Ghislaine Maxwell Losing Weight and Hair in Prison on Jeffrey Epstein Charges: Lawyer

Ghislaine Maxwell has dropped 15 pounds in weight and is losing her hair as she awaits her Jeffrey Epstein trafficking trial, her lawyer claims.

The British socialite denies grooming underage girls for her former lover to abuse between 1994 and 1997. She is currently detained at the Metropolitan Detention Center, in Brooklyn.

Ahead of her trial in July, Bobbi Sternheim wrote to the Manhattan Federal Court warning that Maxwell was losing weight and hair as she faced "punitive" conditions.

In the letter, Sternheim wrote: "The conditions under which she is detained are punitive, unwarranted, deleteriously impacting her ability to prepare her defense, and interfering with counsel's ability to provide the legal representation to which she, and any other detainee, deserves."

Jeffrey Epstein, Ghislaine Maxwell, Mar-a-Lago, Palm Beach
Jeffrey Epstein and British socialite Ghislaine Maxwell pose together at the Mar-a-Lago club, Palm Beach, Florida, February 12, 2000. Maxwell is awaiting trial on trafficking charges, which she denies. Davidoff Studios/Getty

The attorney said her client was losing hair and had shed over 15 pounds since her arrest in July, had not been given enough protection from coronavirus and was subjected to repeated searches.

Sternheim argued Maxwell was being punished for the fact Jeffrey Epstein took his own life in August last year while awaiting trial at the Metropolitan Correctional Center in Manhattan.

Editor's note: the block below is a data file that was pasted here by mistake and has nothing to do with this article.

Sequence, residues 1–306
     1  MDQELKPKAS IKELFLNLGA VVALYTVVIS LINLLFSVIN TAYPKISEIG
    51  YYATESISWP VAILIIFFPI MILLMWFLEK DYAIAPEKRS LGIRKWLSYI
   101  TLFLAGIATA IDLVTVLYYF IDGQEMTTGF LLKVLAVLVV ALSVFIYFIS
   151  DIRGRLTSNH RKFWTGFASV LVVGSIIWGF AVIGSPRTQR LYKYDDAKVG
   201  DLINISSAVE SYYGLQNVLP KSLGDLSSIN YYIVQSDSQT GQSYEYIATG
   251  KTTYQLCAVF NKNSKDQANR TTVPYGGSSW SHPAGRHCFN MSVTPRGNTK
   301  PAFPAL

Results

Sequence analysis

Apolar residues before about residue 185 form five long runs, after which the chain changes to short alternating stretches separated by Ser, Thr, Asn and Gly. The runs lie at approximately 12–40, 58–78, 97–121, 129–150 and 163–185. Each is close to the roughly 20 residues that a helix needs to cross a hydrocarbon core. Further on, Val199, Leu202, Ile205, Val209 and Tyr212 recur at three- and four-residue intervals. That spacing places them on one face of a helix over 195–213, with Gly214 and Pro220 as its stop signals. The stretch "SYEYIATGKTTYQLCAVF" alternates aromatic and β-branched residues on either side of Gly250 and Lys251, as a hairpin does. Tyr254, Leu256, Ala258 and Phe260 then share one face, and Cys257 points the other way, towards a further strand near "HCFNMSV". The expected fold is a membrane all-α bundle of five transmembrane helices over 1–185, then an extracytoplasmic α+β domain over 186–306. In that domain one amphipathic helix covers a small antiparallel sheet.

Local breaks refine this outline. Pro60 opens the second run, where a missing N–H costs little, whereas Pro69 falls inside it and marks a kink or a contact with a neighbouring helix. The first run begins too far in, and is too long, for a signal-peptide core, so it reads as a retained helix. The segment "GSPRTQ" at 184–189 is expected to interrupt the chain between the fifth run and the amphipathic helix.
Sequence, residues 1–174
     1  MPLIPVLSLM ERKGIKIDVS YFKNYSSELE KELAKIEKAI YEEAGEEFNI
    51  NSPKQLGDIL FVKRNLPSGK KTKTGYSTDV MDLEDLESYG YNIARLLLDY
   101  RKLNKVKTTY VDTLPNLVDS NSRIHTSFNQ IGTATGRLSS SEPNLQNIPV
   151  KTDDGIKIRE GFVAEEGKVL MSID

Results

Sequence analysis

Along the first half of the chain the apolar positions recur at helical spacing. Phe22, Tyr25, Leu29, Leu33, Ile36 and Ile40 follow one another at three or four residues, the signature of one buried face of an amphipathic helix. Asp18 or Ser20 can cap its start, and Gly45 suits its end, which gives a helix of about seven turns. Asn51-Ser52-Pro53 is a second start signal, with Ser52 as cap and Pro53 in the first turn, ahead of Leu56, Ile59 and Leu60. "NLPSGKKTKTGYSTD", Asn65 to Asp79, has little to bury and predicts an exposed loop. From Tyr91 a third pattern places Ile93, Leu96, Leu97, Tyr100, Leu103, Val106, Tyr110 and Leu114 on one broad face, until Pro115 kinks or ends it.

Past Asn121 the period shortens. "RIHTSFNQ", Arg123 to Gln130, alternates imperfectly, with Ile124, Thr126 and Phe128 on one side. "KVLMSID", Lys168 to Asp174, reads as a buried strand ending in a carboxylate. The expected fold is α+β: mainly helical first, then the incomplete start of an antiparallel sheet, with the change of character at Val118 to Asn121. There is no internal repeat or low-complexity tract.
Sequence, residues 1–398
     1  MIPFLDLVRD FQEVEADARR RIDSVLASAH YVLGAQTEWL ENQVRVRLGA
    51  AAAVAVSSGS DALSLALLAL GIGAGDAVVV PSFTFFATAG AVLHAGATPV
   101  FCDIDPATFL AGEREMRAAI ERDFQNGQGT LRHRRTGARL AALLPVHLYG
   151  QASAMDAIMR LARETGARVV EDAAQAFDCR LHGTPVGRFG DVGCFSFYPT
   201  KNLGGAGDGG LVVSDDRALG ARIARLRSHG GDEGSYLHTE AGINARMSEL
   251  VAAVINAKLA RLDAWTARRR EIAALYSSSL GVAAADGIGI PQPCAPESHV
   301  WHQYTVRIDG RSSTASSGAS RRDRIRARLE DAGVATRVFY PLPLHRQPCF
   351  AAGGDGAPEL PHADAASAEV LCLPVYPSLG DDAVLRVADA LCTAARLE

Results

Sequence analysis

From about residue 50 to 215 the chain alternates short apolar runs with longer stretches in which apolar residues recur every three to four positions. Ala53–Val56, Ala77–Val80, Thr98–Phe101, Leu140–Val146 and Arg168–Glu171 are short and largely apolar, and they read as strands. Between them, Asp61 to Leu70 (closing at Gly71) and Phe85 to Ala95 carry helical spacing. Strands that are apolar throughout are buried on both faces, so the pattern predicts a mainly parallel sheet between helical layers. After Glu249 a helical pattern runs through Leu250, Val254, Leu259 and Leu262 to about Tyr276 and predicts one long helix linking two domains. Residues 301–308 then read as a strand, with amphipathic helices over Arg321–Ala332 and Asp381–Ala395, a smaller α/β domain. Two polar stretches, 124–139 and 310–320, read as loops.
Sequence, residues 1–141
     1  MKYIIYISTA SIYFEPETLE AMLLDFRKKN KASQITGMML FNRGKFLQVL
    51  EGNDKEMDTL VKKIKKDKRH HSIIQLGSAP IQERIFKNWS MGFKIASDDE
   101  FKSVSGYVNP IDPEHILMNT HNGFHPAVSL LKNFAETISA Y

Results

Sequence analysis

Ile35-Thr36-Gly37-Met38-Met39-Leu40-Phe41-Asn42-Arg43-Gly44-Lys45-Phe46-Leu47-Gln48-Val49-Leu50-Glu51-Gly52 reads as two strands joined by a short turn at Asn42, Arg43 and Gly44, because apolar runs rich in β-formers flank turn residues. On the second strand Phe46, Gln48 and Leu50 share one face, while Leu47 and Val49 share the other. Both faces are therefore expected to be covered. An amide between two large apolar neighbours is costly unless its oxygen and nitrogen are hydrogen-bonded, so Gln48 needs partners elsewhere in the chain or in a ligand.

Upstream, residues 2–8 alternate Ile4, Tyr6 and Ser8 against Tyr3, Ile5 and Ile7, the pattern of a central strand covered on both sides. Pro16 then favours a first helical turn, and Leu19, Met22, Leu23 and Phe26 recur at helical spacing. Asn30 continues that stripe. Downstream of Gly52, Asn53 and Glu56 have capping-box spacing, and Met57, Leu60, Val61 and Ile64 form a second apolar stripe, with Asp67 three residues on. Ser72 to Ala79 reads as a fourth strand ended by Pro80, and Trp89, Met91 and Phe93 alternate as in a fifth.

She added: "It is obvious that Ms Maxwell is bearing the brunt of BOP [Board of Prisons] incompetence.

"The Department of Justice is seeking to repair the BOP's tarnished reputation by placing Ms. Maxwell under extraordinarily harsh conditions, not in any response to Ms. Maxwell's requirements, but rather in response to the failed handling of a completely different inmate."

However, the lawyers for the prison wrote a separate letter to the court claiming Maxwell's weight had not fluctuated more than two pounds and that her treatment was standard procedure, Sky News reported.

The dispute comes as part of Maxwell's new application for bail despite the fact she was described as a flight risk over the summer.

Sternheim wants Judge Alison Nathan to free her client pending trial during an "in camera" private hearing, with journalists and victims excluded.

In a previous letter, seen by Newsweek, Sternheim said: "The government highlights what Ms. Maxwell is permitted but not what she is denied: equal treatment accorded other inmates in general population.

"Ms. Maxwell has spent the entirety of her pretrial detention in de facto solitary confinement under the most restrictive conditions where she is excessively and invasively searched and is monitored 24 hours per day.

"In addition to camera surveillance in her cell, a supplemental camera follows her movement when she is permitted to leave her isolation cell and is focused on Ms. Maxwell and counsel during in-person legal visits.

"And despite non-stop in-cell camera surveillance, Ms. Maxwell's sleep is disrupted every 15-minutes when she is awakened by a flashlight to ascertain whether she is breathing."